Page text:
1. Will Harley survive long enough to see gains from ANY of its latest offerings? An ageing demographic, new riders shunning the brand as more and cheaper alternatives hit the market, the ‘stigma’ that’s attached to Harleys of any persuasion (ask anyone to describe a typical Harley rider), dwindling new bike sales and more exciting bikes about to appear (like the Aussie SAVIC – Good luck Harley. At least the Live Wire doesn’t make your ears bleed.

  7. Way too expensive, too limited in range, technology will just progress so quickly it’ll be old hat before you know it. Having said that electric bikes (and cars) will become the norm soon enough (especially when our Government realises they actually exist).
    And it’s still a Harley.
    Can’t wait to see what you think of the Streetfighter V4.

    1. How does the Government figure in this? Surely the market will decided if EV car and bike are the way to go. To date EV are a very small percentage of sales. I note that the EV industry in the UK is predicting 2020 will be a big year for EV sales in Britain. We shall wait and see. While I don’t care if people buy EV cars or bikes, they hold no interest for me. For me IC engines are “alive” with character and noise.

      Also I find it interesting that governments (some) are installing electric charge points along our national highway. Why does the tax payer fund this? Surely when the horseless carriage took over for the horse and buggy the governments of the day didn’t;t build service stations for them?

      I guess all will be revealed in the fullness of time. Energy density will always be an issue with EV.

  8. I loved the HD Livewire & was seriously interested in making it my next motorcycle.
    New technology I’ve allways embraced combined with awesome power delivery without petrol, seriously has me interested still……but the price is too expensive & range restrictive.
    In 10 years I see power outlet infrastructure improving along with range & massively reduced charging times, until then however it’s internal combustion for me.
    I decided more wind protection was required on my 2017 R1200R so the choice was more protection, power, technology & serious riding enjoyment.
    The BMW R1250RS Exclusive is the result & my choice BOTY for 2019.
    I ordered one, taking delivery before the end of August 2019, 6000klms later I can’t stop smiling.

  9. To choose such a non conventional bike as the HD Livewire , it should be exceptional at what it does . It has extreme limitations , especially in a country where it is commonplace to travel long distances . Good on them for having a go , not a realistic choice for bike of the year . The winner should be a ground breaking bike like the Indian FTR ( multiple accolade , and bike of the year winner ) , or a great allrounder like the Kawasaki Z900RS / cafe ( Japans bike of the year 2018 ) , or the all new 150hp Katana . All worthy winners , as are many others , that have proven their worth .

    1. Hi Martin,
      While everyone should be entitled to their opinion I must say you’re totally wrong with those bikes!
      They are derivative and will do nothing to advance the cause of motorcycling.


      1. In a day where everyone is beating a drum for some cause or another , perhaps you have found your calling , with climate change , you and Greta can make a great team . As you seem to have lost the spark , and enthusiasm for Motorcycle Journalism . With comments like , ” reviewing new bikes is getting pretty pointless ” . Bikes are better now , and more focussed than ever before , and to choose a bike the equivalent of a Toyota Prius , but only half as good , that is grossly overpriced and not even available in Australia is pointless . My 2 cents .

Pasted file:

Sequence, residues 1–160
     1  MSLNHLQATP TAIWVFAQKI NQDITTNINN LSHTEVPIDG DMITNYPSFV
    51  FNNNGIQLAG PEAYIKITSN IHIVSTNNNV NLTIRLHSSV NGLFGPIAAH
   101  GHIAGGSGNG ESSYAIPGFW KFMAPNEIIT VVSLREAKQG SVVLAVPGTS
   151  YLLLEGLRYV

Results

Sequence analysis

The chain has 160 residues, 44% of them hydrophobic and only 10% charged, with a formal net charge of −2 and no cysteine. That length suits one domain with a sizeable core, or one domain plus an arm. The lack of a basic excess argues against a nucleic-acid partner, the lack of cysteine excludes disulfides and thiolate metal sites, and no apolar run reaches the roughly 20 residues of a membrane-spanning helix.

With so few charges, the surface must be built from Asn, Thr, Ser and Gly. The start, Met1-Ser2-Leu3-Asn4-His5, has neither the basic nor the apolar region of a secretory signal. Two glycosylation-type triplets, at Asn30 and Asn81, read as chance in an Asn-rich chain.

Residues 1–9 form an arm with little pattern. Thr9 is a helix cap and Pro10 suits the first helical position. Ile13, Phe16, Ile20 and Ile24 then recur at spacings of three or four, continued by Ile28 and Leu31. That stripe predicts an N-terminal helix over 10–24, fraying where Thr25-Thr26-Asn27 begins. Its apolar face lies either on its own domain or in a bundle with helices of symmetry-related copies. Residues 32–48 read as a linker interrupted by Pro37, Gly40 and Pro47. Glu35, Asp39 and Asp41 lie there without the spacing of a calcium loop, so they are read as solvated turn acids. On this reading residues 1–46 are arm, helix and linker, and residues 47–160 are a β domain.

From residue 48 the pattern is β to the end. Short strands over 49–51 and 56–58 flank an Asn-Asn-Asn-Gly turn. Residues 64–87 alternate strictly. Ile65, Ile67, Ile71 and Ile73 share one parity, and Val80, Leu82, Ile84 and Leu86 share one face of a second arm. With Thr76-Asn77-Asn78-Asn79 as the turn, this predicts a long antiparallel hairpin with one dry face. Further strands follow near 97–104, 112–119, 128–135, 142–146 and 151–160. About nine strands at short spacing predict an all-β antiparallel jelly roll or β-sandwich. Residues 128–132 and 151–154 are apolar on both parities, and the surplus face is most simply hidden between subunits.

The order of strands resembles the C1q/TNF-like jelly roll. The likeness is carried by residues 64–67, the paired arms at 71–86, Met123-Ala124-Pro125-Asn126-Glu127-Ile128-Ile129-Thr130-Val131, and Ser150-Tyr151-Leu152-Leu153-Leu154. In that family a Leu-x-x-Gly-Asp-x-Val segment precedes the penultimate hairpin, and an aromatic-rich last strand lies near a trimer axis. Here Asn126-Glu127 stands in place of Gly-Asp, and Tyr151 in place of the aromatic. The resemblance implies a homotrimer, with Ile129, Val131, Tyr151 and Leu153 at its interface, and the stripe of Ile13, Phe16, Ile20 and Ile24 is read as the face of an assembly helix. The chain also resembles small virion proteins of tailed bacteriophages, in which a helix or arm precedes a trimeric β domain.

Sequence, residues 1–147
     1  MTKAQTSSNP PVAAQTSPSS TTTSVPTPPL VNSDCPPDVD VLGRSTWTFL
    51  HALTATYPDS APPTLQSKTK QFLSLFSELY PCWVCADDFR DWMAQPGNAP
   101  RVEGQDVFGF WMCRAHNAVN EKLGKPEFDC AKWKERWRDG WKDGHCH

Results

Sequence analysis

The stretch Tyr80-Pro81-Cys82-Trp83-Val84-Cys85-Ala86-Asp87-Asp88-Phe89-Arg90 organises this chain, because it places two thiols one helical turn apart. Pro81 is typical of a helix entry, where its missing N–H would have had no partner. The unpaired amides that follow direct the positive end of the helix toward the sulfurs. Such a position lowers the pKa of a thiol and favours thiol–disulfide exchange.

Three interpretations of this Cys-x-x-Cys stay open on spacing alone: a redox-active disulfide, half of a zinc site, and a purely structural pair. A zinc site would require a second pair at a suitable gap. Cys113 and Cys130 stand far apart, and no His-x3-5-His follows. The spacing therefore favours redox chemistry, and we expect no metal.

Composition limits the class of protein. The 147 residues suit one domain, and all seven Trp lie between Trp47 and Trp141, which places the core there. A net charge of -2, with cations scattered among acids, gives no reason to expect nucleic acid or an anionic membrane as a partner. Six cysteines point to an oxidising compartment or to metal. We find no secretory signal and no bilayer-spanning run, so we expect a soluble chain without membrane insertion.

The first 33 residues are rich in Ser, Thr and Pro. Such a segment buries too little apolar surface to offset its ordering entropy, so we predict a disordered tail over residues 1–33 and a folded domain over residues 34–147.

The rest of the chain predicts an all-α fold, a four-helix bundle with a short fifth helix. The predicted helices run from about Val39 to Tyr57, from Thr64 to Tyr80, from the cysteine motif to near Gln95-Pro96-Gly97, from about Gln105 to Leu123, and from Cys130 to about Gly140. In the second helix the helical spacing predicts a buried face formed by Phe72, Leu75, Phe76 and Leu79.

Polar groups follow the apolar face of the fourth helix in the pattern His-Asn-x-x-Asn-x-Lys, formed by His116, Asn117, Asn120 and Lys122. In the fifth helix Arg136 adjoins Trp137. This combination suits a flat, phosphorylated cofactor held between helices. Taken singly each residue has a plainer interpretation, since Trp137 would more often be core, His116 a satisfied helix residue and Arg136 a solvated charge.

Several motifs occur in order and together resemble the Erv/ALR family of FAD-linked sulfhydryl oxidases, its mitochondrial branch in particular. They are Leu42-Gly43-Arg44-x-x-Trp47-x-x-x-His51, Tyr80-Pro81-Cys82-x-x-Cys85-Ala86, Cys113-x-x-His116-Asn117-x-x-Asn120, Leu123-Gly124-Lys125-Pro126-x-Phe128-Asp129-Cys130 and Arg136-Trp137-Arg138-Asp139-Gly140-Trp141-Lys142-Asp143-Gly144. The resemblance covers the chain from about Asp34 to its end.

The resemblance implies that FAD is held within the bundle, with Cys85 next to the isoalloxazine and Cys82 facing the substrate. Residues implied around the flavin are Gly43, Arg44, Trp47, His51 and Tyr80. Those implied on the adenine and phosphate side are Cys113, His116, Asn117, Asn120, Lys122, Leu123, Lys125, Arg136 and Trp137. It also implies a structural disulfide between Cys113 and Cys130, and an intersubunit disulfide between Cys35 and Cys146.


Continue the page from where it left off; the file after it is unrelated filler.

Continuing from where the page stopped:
1. Hi Martin,
          Glad I hooked you.
          Been hoping for a bit of discussion on this one.
          Perhaps you missed my point in the article that I wouldn’t own an electric bike.
          Maybe you also missed my point in another article about how the whole-of-life benefit of electric vehicle is yet to be proved (
          As for losing enthusiasm with new motorcycles, that doesn’t mean I’ve lost enthusiasm for riding.
          In fact, the more I ride modern, hi-tech bikes, the more I yearn to ride old bikes because they are more mechanically engaging.
          I think that over the next decade of rider aids and electric bikes there will be a swing back to old-style bikes.
          We saw it with hipsters in the “teens’, maybe it will be more prominent in the “twenties”.

          1. People yell no Petrol , then don’t think about the coal fired power station that pumps out pollution while charging these pretenders . You say , ” The more I ride modern, hi-tech bikes, the more I yearn to ride old bikes because they are more mechanically engaging.” That mentality I share , and is why I suggested the new Katana , and the Z900RS and Cafe . The Z900RS has only ABS and 2 ride modes , other than that they are an honest throwback to earlier days , you say you yearn for . I own a Z900RS Cafe , and you would be surprised just how many riders comment on my great Z1 900 Restoration . Then I point out the radiator , and tell them it is a new bike . Its a real fun bike to ride , that would blitz any stock Z1 , but has the benefits of a great chassis , water cooling , fuel injection , smooth engine and great brakes . I am keen to ride the 150 HP Katana , but fear I may just have to have one . Leave the Sparky bikes to those man bun wearing hipsters , and keep sharing your insights on REAL bikes .

  10. I still think that with the current technology electric bikes are better suited to commuting roles. For bike of the year I would choose the Royal Enfield 650, great performance for the price.

  11. I look forward to a an AFFORDABLE electric motorcycle, with a 19″ front wheel so I can fit some decent tyres to handle the gravel road I live on, as well as a real world 350 – 400 km range. The price being asked by
    Harley-Ferguson for the Live-Wire is just ludicrous. In terms of sales it deserves to fail, at least until it is offered at a sensible price, particularly given the poor build quality of American cars and motorcycles. Tesla cars are also great in theory, but just like Ford, Jeep, Chrysler, Dodge etc. they are beset by quality issues and poor after-sales service. As I produce my own electricity via an off-grid solar system, an electric motorcycle would make perfect sense for me, although I’d still need an alternative vehicle every second day while the EV charges during daylight hours, or better yet an affordable, removable battery pack that can be swapped daily so that one is charging during the day while the other is in use.